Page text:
May 27, 1964, in Vienna became the place of a memorable baton pass, when la Grande Inter defeated the European Cup’s greatest side.
Inter’s victory at the Praterstadion was the consecration of the revolutionary catenaccio style, and the coronation of their genius coach Helenio Herrera.
The Argentine coach had arrived from Barcelona four years prior — facing the same Real Madrid side that had cost him his job, when Los Blancos had ousted him in the 1960 European Cup semi-finals — and installed a new philosophy of play that swept Italy and Europe alike. With the five successive European Cups that had sat Real Madrid’s hegemony, the 1964 final anointed Herrera’s catenaccio as the new dominant force in Europe.
With the final in Vienna, Inter fans traveled in droves to Austria to watch their team. Thousands of Italian supporters comprised a large part of the 71,333 in attendance. What ensued was a convincing 3-1 win for the Nerazzurri, topping off an impressive European run that had crowned them champions — the first team to win the European Cup without losing a game.
It all started on September 18, 1963, at Goodison Park. Inter edged the English champions 1-0 on aggregate. Inter then caught fire after that timid start at Merseyside, eliminating Monaco and Partizan Belgrade, each 4-1 on aggregate.
Inter reached their apogee in the semi-finals, beating an impressive Borussia Dortmund side 4-2 on aggregate. The Nerazzurri tied 2-2 in Germany, and then won 2-0 back at the Stadio Meazza.
Inter’s star man was Sandro Mazzola, who had already scored five goals (including one in each leg against Dortmund) on the way to the final. Alongside him were midfield general Luis Suarez — who had followed Herrera from Barcelona — and wing duo Mario Corso and Jair.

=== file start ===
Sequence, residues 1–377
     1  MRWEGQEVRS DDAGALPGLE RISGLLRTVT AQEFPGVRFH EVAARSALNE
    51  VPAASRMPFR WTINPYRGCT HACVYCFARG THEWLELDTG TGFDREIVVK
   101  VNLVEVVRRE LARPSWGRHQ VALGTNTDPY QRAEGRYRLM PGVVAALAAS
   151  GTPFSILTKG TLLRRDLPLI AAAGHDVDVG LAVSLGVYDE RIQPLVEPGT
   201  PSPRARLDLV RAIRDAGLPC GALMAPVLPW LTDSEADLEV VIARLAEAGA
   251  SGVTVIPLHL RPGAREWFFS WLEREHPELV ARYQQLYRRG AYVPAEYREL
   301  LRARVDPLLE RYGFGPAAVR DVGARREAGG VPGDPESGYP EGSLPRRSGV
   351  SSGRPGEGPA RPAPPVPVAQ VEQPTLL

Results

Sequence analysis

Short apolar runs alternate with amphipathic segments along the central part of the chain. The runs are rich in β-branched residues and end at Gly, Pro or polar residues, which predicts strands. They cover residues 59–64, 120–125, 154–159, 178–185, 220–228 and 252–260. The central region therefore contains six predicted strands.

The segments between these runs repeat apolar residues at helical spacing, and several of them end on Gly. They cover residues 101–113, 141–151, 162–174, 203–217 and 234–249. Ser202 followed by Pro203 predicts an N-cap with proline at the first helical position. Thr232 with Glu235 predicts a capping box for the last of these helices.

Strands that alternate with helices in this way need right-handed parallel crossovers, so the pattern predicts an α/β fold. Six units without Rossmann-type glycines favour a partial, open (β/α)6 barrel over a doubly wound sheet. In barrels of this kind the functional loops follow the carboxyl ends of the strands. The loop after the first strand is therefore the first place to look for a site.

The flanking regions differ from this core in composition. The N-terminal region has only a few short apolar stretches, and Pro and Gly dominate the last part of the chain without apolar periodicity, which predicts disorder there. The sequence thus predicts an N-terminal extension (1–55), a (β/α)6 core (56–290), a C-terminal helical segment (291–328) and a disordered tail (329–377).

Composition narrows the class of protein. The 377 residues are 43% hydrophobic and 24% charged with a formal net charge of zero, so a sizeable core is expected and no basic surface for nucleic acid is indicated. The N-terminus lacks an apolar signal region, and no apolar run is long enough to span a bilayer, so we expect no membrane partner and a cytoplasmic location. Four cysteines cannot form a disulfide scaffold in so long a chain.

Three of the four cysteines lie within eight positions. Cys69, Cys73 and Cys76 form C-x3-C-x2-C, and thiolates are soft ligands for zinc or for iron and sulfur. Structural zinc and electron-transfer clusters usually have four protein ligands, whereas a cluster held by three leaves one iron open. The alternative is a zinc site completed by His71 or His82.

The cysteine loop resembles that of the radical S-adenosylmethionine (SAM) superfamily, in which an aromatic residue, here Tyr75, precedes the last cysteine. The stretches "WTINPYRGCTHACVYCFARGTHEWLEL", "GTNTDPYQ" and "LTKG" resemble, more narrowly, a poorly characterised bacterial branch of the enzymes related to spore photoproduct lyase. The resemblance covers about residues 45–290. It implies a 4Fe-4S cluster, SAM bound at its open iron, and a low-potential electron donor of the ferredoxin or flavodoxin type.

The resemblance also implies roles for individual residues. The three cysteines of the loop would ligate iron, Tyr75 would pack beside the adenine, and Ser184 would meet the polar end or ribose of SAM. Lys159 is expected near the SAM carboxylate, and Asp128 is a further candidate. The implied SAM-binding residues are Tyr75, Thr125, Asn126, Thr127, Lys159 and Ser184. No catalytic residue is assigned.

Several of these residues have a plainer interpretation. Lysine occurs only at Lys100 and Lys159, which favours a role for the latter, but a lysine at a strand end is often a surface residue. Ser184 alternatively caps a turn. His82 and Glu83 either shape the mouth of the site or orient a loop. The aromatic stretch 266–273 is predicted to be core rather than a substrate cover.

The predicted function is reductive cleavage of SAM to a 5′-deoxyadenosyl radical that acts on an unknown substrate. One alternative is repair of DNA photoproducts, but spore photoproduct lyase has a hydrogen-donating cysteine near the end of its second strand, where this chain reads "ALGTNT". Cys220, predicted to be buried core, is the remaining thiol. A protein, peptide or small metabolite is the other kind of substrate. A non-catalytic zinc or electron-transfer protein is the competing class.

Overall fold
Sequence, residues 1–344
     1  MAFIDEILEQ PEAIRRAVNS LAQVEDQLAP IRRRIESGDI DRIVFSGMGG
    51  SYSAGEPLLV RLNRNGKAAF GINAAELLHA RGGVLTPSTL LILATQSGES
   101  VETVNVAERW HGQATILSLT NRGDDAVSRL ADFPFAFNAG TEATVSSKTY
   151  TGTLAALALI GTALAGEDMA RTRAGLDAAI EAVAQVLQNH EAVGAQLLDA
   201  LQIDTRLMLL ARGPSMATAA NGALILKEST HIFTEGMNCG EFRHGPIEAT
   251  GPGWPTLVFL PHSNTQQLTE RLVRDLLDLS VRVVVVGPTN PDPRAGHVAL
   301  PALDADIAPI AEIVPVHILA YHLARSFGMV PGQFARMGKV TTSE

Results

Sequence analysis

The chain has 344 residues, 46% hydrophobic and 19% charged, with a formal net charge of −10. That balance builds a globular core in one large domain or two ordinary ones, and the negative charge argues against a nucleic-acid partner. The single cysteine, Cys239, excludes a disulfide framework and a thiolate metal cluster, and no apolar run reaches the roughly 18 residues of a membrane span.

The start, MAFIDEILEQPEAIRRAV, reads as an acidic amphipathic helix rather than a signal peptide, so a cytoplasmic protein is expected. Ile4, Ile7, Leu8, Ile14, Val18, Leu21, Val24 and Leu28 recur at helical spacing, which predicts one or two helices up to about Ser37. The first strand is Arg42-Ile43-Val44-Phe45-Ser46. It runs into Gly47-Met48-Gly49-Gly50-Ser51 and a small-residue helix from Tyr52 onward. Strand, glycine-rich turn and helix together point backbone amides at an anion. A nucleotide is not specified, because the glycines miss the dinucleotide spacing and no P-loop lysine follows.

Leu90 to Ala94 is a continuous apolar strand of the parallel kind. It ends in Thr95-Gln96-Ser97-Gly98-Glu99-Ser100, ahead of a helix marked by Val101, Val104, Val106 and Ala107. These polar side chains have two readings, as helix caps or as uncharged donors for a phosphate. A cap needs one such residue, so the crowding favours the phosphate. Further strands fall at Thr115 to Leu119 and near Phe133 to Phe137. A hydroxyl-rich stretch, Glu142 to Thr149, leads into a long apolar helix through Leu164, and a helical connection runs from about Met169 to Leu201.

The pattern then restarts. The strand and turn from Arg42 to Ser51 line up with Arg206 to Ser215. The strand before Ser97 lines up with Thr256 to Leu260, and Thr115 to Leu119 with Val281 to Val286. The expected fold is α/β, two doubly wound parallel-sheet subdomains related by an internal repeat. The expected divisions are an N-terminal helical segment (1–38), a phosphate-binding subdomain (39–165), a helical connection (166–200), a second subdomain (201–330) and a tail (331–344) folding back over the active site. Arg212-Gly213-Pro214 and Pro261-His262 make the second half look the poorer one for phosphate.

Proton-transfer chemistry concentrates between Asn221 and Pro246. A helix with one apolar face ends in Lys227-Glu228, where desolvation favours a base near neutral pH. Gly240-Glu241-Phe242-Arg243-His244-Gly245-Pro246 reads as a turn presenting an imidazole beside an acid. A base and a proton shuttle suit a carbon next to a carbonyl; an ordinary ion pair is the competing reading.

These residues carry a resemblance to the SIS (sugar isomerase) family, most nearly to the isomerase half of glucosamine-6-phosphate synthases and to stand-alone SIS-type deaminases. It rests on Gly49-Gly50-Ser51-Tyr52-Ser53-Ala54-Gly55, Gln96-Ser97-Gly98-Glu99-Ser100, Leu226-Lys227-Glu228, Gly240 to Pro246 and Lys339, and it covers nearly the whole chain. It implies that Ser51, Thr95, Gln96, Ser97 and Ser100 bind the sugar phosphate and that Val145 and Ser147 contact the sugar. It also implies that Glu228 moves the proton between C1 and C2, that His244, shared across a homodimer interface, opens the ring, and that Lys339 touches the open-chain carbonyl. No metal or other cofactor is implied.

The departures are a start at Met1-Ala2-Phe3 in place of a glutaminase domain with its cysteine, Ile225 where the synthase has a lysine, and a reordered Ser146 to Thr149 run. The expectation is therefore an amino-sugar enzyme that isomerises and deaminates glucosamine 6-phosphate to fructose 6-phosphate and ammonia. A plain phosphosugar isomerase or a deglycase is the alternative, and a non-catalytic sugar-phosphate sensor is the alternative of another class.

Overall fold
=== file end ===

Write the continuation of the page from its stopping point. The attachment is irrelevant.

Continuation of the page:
The cornerstone of Herrera’s catenaccio was the defence of course. Libero and captain Armando Picchi was the back-line’s lynchpin. However, the defence’s star man was unquestionably left wing-back Giacinto Facchetti, whose marauding runs and eye for goal were critical assets to Herrera’s counter-attacking system.
Against Real Madrid and the competition’s top-scorer Ferenc Puskas, legend Alfredo Di Stefano and wing wizard Francisco Gento, la Grande Inter asserted themselves as Italy and Europe’s greatest defence 20 years before AC Milan’s famed back-line ever came to be.
Although Di Stefano and co. were ageing, they still remained a feared trio and had scored 15 goals between them en route to the final.
But Herrera’s catenaccio stifled Di Stefano, shackled Gento and blunted Puskas. Felo was Real Madrid’s only scorer, his goal coming on 70 minutes from a Puskas corner and only proving mere consolation. Puskas himself came closest when he struck the woodwork.
During the game, Suarez ran the midfield as a Mazzola brace (on 43 and 76 minutes) and an Aurelio Milani goal (on 61 minutes) sealed an emphatic 3-1 win.
Catenaccio had introduced itself to the world, beating Europe’s biggest bogeyman in the process. Herrera had put Italian football on the map, despite even AC Milan’s success the year prior.
Herrera’s catenaccio and its influence have unfortunately painted a negative image of Italian football ever since, due to its defensive nature and minimalist approach. Erroneously though — or just lazily perhaps — observers failed to recognize that Herrera’s catenaccio was more than met the eye.
Firstly, It was a more flexible and fluid version of Karl Rappan’s hyper defensive verrou (bolt) system. Moreover Inter’s counter-attacking schemas, in their focus on attacking space, were precursors to Rinus Michel’s totaalvoetbal (Total Football) at Ajax. Finally, the modern interpretation of Facchetti’s wing-back role even inspired Franz Beckenbauer. In his revolution of the libero role, the German icon looked to perform Facchetti’s role from the middle of the pitch — as opposed to from out wide — and thus benefit from the whole panorama of the field ahead of him in doing so.
More importantly however, la Grande Inter’s 1964 victory engendered a rarely replicated paradigm shift. For the first time, the cult of personality of the coach was born. Indeed Herrera was the Jose Mourinho of football before Mourinho ever became English football’s new Brian Clough.
Unlike what was often referred to as ‘”Di Stefano’s Real Madrid,” it was “Herrera’s Inter” that supplanted the idolatry of the superstar player, as the coach came to the foreground and collected most of the credit for his team’s performances.
For the man they called Il Mago (the magician), this was Herrera’s greatest trick; and possibly even over his European exploit on that fated night in Vienna.